The final destination has now been reached. The guy with the ice pick is waiting.

The American Catholic Church, along with any other religious institution that resists granting "equal status" to homosexuality, is about to be killed. If you doubt this, just wait and see. The death sentence has been issued and the U.S. Supreme Court, cheered on by Barack Obama, has just denied the final appeal.

The SCOTUS decision to strike down the Defense of Marriage Act in effect promises the prestige of explicitly upheld constitutionality to homosexual marriage. (I love my language; "gay" still means "joyful" for me, even if I'm no longer permitted to use it for fear of being misunderstood.) Barack Obama has already reassured his enemies, i.e., people of traditional Judeo-Christian religious views, that this decision will not affect their church practices. Anyone who has seen a mafia film knows what the boss's reassurance means in this context: the reassured man is about to be driven to the docks, where someone is waiting with an ice pick.

Here is Obama's kiss of death in his own words:

On an issue as sensitive as this, knowing that Americans hold a wide range of views based on deeply held beliefs, maintaining our nation's commitment to religious freedom is also vital. How religious institutions define and consecrate marriage has always been up to those institutions. Nothing about this decision -- which applies only to civil marriages -- changes that.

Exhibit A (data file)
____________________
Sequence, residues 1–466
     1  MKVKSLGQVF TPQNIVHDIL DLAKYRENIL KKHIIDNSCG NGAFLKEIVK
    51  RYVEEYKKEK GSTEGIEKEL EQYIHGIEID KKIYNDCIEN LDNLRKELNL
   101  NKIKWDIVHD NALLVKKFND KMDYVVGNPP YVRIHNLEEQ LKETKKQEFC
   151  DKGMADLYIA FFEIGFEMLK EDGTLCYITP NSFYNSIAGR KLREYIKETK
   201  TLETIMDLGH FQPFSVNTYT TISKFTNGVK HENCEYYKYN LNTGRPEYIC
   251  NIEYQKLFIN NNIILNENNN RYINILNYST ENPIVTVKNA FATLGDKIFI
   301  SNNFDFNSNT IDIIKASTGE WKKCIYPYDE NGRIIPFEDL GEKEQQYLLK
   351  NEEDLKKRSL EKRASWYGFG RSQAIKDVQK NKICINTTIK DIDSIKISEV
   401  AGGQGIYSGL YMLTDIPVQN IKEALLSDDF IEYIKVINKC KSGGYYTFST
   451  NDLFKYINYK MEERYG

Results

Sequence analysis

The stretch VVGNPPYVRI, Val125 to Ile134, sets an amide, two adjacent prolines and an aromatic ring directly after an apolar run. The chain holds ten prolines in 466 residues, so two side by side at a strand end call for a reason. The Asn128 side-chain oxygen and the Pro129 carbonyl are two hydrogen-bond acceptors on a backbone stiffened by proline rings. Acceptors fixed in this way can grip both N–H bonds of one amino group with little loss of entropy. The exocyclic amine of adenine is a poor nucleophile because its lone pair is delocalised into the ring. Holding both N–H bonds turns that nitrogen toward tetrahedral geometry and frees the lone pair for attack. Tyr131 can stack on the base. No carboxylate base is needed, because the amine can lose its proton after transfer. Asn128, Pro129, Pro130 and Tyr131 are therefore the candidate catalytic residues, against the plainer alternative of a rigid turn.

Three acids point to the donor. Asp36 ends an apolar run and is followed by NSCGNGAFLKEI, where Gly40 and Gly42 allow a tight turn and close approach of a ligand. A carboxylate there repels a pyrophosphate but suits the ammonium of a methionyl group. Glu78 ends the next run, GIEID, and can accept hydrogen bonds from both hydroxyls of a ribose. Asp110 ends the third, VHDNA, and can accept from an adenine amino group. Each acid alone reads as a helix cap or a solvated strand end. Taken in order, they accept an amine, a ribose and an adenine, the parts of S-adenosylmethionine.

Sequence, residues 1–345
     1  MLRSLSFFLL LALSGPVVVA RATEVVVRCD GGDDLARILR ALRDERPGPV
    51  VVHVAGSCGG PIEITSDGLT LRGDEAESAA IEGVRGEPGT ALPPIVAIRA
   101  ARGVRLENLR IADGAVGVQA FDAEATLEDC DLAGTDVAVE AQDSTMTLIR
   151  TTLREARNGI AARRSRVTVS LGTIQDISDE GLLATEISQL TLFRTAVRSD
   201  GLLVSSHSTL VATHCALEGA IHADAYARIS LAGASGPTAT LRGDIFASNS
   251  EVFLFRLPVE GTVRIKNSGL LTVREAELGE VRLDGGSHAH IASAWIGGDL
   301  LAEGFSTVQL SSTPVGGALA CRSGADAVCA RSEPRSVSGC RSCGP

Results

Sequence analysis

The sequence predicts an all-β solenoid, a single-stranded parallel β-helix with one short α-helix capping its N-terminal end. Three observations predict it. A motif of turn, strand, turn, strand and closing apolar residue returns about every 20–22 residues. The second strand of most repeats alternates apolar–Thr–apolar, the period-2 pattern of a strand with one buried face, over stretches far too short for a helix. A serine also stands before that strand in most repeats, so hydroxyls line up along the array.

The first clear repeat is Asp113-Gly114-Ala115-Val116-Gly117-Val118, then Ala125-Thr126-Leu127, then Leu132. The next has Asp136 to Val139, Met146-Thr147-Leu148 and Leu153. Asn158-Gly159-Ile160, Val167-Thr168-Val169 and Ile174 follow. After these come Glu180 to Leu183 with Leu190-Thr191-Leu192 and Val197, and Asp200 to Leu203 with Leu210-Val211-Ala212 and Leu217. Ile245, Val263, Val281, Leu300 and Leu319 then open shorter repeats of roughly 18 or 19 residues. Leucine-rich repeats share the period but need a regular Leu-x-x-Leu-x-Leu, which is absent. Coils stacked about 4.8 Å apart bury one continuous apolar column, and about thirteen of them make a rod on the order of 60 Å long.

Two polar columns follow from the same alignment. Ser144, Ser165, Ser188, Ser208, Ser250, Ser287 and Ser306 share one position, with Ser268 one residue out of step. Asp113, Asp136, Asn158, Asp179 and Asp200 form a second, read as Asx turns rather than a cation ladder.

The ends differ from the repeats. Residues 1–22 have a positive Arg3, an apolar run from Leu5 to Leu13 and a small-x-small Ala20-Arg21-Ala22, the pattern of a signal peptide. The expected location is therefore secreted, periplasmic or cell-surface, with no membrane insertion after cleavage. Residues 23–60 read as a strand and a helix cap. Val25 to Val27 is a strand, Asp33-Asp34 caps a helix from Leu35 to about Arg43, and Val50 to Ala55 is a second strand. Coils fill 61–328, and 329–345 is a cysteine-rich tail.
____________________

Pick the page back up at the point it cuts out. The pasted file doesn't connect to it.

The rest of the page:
"Nothing about this decision changes that." Technically true -- until the first time some nominally Catholic progressive activists decide to sue the Church for discrimination, on the grounds that they want to live as Catholics, but also as homosexual couples in good standing. Or until the first time a government office sends in an army of lawyers to establish that a religion's refusal to consent to marriage as defined by the Supreme Court nullifies that church's tax-exempt status, analogous to the strongarm tactics used with regard to birth control and Obamacare. The time will likely come when the progressive moral reversal will be complete, and weddings performed by churches that do not condone homosexual marriage will not be recognized by the federal government for the purposes of government benefits.